Actuaries more 'competitive' with fees for smaller pension schemes

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  • Actuaries more 'competitive' with fees for smaller pension schemes

UK - Actuaries are more competitive when assessing fee structures for smaller schemes in the UK, according to a pension consultancy's survey of fees charged for core services.

Examining the fees levied at small, medium-sized and large schemes for routine pension fund tasks - such as conducting a triennial or annual valuation - by more than a dozen actuarial firms, Kim Gubler Consulting (KBC) found that competitive advantage dropped away when contracts were tendered by the largest pension schemes.

Compiling a list of 23 potential services, KBC dismissed claims that a comparison of actuarial fees was not possible - as some firms offered a larger variety than other surveyed. It argued that the majority of companies offered around 90% of all service categories, allowing for a fair like-for-like comparison.

Examining the fees charged small pension funds for annual actuarial activities varied by £21,000 (€24,000) between the cheapest and most expensive actuary.

The survey added: "This is a 40% reduction from 2010 and indicates much greater competiveness at the smaller scheme size. Six firms charge less than the average cost. The most expensive firm is one and a half times more expensive than the average annual cost, and the lowest provider is almost half the cost of the average fee."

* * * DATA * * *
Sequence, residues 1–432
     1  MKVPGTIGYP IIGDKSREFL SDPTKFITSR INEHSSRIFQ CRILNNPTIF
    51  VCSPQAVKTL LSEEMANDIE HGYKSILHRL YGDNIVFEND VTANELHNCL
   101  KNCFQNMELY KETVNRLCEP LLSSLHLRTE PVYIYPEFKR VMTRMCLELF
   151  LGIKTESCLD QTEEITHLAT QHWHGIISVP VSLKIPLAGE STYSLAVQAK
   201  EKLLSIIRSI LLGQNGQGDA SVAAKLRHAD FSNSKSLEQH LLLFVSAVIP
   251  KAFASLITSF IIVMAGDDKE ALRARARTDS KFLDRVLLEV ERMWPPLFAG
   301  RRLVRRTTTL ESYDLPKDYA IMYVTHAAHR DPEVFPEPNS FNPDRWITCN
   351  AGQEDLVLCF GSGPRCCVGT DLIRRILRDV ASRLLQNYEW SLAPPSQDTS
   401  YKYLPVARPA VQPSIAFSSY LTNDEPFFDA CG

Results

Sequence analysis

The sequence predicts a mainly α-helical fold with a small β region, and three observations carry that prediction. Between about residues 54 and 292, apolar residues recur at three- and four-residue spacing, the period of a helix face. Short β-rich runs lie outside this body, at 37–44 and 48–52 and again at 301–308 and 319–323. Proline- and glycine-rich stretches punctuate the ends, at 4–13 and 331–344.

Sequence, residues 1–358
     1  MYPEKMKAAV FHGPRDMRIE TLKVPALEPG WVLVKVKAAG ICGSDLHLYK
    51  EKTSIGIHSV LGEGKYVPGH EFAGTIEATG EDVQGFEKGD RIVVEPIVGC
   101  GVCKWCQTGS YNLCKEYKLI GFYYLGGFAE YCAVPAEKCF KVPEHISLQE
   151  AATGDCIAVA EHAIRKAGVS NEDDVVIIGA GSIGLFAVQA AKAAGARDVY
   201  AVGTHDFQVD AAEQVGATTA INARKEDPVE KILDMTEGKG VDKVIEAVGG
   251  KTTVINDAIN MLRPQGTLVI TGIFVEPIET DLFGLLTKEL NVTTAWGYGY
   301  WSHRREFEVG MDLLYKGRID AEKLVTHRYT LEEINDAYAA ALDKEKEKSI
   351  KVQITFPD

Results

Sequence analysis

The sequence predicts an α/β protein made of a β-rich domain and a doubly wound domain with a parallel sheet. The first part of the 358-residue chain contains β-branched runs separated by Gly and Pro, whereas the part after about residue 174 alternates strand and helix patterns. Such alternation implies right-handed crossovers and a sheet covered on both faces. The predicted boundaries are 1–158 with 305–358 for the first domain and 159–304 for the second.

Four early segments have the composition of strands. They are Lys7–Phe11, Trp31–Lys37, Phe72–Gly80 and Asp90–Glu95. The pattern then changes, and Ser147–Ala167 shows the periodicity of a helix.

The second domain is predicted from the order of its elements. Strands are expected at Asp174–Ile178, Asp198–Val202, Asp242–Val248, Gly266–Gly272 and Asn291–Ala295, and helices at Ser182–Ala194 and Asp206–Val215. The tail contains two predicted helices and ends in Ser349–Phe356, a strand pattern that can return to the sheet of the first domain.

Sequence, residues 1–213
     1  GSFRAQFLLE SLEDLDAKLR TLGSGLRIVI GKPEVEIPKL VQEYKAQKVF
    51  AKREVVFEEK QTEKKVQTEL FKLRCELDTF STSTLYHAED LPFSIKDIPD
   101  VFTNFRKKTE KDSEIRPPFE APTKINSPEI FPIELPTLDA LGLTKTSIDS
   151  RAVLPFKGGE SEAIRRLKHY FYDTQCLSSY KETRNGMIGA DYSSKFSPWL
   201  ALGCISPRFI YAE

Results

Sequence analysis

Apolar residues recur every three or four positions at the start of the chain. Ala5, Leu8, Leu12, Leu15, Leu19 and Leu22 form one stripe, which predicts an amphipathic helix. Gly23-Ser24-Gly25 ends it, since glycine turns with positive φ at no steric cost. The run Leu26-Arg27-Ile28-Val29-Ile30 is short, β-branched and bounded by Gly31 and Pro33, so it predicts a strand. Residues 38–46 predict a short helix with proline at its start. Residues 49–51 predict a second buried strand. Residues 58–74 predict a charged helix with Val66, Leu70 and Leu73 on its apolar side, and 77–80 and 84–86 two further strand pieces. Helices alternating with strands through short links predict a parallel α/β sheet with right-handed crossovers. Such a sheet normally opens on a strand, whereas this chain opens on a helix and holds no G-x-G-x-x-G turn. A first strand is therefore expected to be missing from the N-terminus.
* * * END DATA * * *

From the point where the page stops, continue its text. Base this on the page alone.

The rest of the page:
However, it found that fees levied at large schemes were significantly higher, with the discrepancy alone between the highest and lowest fee only 13% less than the highest fee reported in its previous survey.

The survey said: "Interestingly, it seems this year the majority of firms' fees are above the average annual actuarial fee, compared to last year when the majority were below.

"This indicates the improved competitiveness shown in the smaller schemes is not so evident here."

It added that the most expensive price charged for annual actuarial activities was almost twice that of the average fee.

Considering the price of all costs it surveyed, including corporate actuarial valuations and ones conducted ad hoc, KBC found that large schemes were particularly vulnerable to steep differences in fees, with the most expensive firm being nearly three times more expensive than the lowest charging firm and 37% more than the average.

However, the survey concluded that the above was an "overall improvement" of about one-third over its 2010 results, with less difference found overall between charges, leading to a "more balanced" result. 

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